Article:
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|Motto(s): Irish: Fleadh agus Fáilte (Festival and Welcome)|
|Country||Republic of Ireland|
|Elevation||99 m (325 ft)|
|Telephone area code||0504|
Thurles (//; Irish: Durlas or Durlas Éile) is a town in County Tipperary, Ireland. It is located in the civil parish of same name in the barony of Eliogarty and in the ecclesiastical parish of Thurles. The cathedral church of the Roman Catholic Archdiocese of Cashel and Emly is located in the town.
Thurles is located in mid-County Tipperary and is surrounded by the Silvermine Mountains (to the northwest) and the Slieveardagh Hills (to the southeast). The town itself is built on a crossing of the River Suir.
The M8 motorway connects Thurles to Cork and Dublin via the N75 and N62 roads. The N62 also connects Thurles to the centre of Ireland (Athlone) via Templemore and Roscrea. The R498 links Thurles to Nenagh. Thurles railway station opened on 13 March 1848.
The ancient territory of Éile obtained its name from pre-historic inhabitants called the Eli, about whom little is known beyond what may be gathered from legends and traditions. The extent of Éile varied throughout the centuries with the rise and fall of the tribes in occupation. Before the 5th century A.D. the details of its history which can be gleaned from surviving records and literature are exceedingly meagre, obscure and confusing. During this century however Éile appears to have reached its greatest extent, stretching from Croghan Bri Eli (Croghan Hill in Offaly) to just south of Cashel (in Corca Eathrach Eli). The southern part of this territory embraced the baronies of Eliogarty and Ikerrin, a great part of Middle Third, the territory of Ileagh and a portion of the barony of Kilnamanagh Upper.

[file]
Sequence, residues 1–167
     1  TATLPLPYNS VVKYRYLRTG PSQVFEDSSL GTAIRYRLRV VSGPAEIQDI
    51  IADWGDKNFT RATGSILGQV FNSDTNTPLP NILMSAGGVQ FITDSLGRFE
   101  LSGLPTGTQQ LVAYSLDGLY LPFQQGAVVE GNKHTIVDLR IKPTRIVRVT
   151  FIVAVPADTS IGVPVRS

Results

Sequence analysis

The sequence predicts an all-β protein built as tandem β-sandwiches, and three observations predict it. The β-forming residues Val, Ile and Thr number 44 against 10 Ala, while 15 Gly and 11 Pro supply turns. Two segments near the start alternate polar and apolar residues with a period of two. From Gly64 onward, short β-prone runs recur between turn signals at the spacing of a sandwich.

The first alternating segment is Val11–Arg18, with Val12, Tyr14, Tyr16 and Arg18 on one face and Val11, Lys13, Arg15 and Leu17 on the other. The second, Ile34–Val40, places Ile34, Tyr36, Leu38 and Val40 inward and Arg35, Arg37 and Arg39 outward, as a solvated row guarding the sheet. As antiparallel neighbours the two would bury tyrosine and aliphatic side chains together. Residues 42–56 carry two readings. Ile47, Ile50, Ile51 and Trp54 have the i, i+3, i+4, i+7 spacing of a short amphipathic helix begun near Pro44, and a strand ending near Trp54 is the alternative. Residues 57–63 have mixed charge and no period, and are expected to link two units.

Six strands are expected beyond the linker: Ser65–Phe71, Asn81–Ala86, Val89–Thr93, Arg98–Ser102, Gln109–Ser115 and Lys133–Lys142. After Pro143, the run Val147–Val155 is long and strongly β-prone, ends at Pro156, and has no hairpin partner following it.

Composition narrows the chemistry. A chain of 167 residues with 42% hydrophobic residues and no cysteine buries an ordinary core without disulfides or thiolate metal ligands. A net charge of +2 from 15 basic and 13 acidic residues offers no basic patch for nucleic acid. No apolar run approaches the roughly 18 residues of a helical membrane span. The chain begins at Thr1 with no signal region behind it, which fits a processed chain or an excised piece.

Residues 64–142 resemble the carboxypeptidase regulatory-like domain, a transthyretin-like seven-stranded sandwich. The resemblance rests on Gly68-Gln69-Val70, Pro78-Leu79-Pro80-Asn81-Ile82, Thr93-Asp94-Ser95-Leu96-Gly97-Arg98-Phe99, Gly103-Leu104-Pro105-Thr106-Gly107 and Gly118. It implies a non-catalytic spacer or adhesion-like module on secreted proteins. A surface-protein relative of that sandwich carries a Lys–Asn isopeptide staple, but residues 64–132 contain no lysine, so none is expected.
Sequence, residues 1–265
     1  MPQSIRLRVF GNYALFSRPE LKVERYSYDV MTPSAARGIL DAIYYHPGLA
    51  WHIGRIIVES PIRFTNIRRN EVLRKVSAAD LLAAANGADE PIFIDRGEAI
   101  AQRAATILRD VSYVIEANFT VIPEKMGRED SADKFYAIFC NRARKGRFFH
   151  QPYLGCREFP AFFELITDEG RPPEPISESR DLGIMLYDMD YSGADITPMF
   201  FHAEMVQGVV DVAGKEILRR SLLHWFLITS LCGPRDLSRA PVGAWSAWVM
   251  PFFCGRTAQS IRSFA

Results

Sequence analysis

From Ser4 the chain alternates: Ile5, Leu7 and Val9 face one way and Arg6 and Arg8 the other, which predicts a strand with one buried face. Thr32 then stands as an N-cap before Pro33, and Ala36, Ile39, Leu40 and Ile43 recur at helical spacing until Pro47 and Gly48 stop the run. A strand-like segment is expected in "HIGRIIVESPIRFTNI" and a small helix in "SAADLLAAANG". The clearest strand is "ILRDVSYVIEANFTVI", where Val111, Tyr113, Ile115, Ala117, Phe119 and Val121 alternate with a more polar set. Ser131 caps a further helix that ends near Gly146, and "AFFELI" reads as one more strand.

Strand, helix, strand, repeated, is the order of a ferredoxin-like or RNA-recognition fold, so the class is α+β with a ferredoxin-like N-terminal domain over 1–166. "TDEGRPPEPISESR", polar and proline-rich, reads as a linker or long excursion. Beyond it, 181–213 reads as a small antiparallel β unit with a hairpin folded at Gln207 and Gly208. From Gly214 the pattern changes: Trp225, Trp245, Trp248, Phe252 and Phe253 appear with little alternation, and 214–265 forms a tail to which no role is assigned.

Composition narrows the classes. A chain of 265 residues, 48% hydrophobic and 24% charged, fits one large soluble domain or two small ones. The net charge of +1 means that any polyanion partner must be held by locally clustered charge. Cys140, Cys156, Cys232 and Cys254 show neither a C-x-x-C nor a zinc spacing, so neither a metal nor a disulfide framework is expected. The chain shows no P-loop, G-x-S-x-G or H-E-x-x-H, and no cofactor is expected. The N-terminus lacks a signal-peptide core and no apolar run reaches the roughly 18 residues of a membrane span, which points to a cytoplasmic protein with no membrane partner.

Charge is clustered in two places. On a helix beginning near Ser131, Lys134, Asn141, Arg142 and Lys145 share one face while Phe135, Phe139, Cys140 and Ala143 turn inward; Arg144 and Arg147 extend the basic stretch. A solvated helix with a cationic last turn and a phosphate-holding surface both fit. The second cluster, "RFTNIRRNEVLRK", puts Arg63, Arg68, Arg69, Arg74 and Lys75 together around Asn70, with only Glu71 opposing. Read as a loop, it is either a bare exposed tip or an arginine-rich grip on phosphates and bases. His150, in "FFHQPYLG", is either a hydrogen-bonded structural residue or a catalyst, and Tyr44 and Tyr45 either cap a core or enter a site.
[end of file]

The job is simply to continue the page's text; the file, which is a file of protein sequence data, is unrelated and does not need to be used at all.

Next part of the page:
By the 8th century, the territory of ancient Éile had broken up into a number of petty kingdoms: the O'Carroll occupied the northern portion, the O'Spillanes held Ileagh, the Eóganacht Chaisil had annexed Middle Third while the O'Fogartys held what is now the barony of Eliogarty. The O'Fogarty's gave their name to the town. In Irish, Durlas Éile means "Strong Fort of Éile", or more correctly Durlas Éile Uí Fhogartaigh ("Strong Fort of the O'Fogarty's of Éile"). The clan dominated the regions of Templemore and the Devil's Bit stretching as far as the Tipperary/Kilkenny border.
Towards the end of the twelfth century, the power of the O'Donoghue clan began to wane and by the early part of the thirteenth century, the Norman Butler dynasty came to be the most powerful. It is to the Butlers that Thurles owes much of its early development. Their architectural legacy may be seen today with two of the original family fortresses still standing (the Black Castle near the centre and O'Fogarty Castle by the Suir). Theobald Walter, 1st Baron Butler (Theobald Butler) was the ancestor of the Irish branch of the Butler dynasty. His father had been the hereditary holder of the office of Chief Butler of England and when Theobald assisted Kings Henry II of England and John of England in their invasions of Ireland, he was named "Chief Butler of Ireland". He was also granted a large section of the northeastern part of the kingdom of Limerick. Later in 1328, his descendant, James Butler, was created Earl of Ormond by King Edward III of England.
Thurles was originally an agricultural market town. It is now a retail town, with chain stores like Dunnes Stores, Heatons, Lidl, Aldi, Boots UK and Holland and Barrett. Thurles Shopping centre was recently extended and plans to open a new a Tesco store to replace the current store in Liberty Square have also been announced.[when?] Stakelum's Hardware, which recently moved to the Nenagh road, is one of the biggest family owned business in the town. McKevitt's "Costcutter" is another large family business that operates two supermarkets in the town. High technology industries have been established in the Thurles Technology Park.